Some Imperatives of ICT Integration in the Philippine Educational System: Towards Modernization, Excellence and Relevance in a Highly Globalized Economy

AUTHOR
Jose V. Camacho, Roderica R. Camacho and Basilisa V. Camacho

ABSTRACT

The world today can be characterized on how information and knowledge can be accessed and fully utilized in order to achieve rapid economic and social development. Many economies have come to realize that investment in developing intellectual capital is the key to global competitiveness and an essential ingredient for economic efficiency and social equity. As World Bank in its 1999 World Development Report argues “(F)or countries in the vanguard of the world economy, the balance between knowledge and resources has shifted so far towards the former that knowledge has become perhaps the most important factor determining the standard of living – more than land, than tools, than labor. Today’s most technologically advanced economies are truly knowledge-based.”

The world today can be characterized on how information and knowledge can be accessed and fully utilized in order to achieve rapid economic and social development. Many economies have come to realize that investment in developing intellectual capital is the key to global competitiveness and an essential ingredient for economic efficiency and social equity. As World Bank in its 1999 World Development Report argues “(F)or countries in the vanguard of the world economy, the balance between knowledge and resources has shifted so far towards the former that knowledge has become perhaps the most important factor determining the standard of living – more than land, than tools, than labor. Today’s most technologically advanced economies are truly knowledge-based.”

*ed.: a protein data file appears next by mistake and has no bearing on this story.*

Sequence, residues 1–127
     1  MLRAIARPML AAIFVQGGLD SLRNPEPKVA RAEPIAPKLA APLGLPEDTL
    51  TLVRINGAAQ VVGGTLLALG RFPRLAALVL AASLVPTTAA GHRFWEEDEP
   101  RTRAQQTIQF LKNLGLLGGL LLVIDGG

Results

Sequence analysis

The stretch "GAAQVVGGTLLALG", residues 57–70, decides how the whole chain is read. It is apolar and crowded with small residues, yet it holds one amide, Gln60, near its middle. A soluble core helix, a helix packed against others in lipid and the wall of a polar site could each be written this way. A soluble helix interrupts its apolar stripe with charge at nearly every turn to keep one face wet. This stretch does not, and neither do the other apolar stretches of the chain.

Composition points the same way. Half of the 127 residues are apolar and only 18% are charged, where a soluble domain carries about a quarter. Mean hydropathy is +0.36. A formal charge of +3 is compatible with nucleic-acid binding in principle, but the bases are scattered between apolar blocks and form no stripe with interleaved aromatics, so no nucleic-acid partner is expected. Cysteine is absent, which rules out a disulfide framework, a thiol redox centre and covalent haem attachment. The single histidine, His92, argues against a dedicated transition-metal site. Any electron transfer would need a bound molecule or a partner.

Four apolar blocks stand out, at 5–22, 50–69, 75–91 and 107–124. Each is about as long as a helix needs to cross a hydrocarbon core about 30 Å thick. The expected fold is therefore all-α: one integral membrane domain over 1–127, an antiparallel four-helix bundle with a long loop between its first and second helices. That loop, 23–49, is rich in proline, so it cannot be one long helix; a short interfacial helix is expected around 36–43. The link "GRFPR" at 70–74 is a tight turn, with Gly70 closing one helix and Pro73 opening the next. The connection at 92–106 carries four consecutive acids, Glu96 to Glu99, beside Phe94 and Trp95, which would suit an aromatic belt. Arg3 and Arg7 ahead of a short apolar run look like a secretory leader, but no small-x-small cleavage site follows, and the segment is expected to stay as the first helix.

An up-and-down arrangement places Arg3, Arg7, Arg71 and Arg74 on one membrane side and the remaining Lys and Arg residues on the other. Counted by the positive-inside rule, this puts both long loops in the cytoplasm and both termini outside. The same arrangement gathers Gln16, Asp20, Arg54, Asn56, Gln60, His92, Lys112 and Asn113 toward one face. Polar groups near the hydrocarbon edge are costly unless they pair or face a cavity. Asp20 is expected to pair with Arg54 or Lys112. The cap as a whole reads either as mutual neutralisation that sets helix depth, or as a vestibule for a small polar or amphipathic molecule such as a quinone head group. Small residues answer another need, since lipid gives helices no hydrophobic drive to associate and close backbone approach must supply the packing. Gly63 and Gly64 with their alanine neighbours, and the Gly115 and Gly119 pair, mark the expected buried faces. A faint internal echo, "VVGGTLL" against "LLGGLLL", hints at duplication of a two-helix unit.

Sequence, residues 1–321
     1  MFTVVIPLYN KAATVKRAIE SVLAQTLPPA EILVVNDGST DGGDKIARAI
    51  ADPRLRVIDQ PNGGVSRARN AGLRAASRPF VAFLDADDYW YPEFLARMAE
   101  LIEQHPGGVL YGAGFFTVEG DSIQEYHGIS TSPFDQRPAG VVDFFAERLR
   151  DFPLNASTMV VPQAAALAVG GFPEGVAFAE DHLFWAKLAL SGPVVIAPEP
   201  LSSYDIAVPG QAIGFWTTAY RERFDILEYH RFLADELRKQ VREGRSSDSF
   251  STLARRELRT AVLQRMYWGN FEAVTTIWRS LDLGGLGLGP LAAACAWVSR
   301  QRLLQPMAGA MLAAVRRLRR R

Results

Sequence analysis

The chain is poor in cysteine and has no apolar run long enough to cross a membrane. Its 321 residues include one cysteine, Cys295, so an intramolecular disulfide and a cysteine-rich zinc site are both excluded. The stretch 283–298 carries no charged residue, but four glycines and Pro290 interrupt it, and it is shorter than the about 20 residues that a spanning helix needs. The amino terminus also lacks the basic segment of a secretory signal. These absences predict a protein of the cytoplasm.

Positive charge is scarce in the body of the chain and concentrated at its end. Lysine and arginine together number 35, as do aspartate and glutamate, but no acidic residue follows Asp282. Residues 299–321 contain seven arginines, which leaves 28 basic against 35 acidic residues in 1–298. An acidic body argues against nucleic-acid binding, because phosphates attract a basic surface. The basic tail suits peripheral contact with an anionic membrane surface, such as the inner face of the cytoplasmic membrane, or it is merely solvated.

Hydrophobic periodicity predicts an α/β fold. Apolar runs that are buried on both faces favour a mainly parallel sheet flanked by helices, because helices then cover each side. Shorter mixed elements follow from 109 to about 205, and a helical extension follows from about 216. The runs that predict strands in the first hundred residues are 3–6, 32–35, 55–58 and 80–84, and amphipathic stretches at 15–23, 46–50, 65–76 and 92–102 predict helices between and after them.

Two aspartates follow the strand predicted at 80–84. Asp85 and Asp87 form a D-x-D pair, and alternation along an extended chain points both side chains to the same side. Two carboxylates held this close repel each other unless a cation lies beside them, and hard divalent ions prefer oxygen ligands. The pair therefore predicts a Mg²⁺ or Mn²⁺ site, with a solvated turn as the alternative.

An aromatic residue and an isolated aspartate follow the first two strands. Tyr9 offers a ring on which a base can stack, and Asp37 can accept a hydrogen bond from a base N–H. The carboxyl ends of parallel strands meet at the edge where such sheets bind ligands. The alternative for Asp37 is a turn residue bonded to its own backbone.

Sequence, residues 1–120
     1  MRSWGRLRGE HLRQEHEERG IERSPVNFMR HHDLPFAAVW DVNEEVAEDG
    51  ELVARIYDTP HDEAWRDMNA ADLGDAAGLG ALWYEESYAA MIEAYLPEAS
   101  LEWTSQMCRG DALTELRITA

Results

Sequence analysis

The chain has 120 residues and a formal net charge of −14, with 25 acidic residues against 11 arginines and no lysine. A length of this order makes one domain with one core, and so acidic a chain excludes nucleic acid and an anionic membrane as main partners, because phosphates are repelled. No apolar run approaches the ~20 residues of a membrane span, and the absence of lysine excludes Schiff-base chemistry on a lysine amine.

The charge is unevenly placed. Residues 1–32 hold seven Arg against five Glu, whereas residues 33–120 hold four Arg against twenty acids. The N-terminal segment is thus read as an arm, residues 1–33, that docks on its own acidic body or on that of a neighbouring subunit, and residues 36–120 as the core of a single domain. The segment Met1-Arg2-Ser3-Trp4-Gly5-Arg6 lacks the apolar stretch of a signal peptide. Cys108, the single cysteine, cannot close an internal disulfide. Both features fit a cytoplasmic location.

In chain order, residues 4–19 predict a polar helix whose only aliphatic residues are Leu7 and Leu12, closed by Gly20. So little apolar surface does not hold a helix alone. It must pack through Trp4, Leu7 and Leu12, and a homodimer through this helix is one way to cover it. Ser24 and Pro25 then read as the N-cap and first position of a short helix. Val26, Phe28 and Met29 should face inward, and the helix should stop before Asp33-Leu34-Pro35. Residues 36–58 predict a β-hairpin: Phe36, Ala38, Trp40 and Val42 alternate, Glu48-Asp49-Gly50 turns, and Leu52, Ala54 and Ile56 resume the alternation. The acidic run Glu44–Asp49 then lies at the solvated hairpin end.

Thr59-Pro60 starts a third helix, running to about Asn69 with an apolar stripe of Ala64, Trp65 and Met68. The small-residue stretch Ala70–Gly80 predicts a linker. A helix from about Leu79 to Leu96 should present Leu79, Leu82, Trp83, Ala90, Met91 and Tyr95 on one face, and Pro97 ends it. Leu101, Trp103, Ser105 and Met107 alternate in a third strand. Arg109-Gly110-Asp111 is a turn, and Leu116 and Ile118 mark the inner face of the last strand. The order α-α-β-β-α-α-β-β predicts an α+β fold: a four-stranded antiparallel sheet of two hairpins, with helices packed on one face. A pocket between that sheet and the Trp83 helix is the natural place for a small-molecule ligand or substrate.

As one examines their educational system, these highly industrialized and knowledge-based economies have dramatically restructured their learning systems and reoriented their educational paradigm starting from the basic to the advance levels of their educational ladder. The integration of information and communication technology (ICT) has become paramount feature of their educational curricula, school activities and programs. For instance, in OECD (Organization for Economic Cooperation and Development)- member countries, curricular reforms were initiated “driven by a perceived need to reorient schooling from rote learning, shallow but wide coverage, and individualistic learning processes to higher level skills, problem solving, in depth study, and collaborative learning” (OECD 2001). The OECD book “Learning to Change: ICT in Schools” (2001) describes the “pervasive use of ICT in schools to be motivating.” It elaborates the economic, social and pedagogical justification or rationale for ICT integration in the classroom. Another notable effort in integrating ICT in the basic learning process can be seen in Alberta, Canada. In the Alberta ICT program, technology is incorporated as “a ‘way of doing things’ – the processes, tools and techniques that alter human activity.” The program gives a wider view on the “nature of technology, how to use and apply a variety of technologies, and the impact on self and society” (www.education.gov.ab.ca/k_12). The National Centre for Technology in Education (NCTE) in Ireland also provides many success stories as it illustrates various educational programs such as the “Schools IT 2000″ aimed at maximizing the benefits of ICT use among learners and teachers (www.ncte.ie)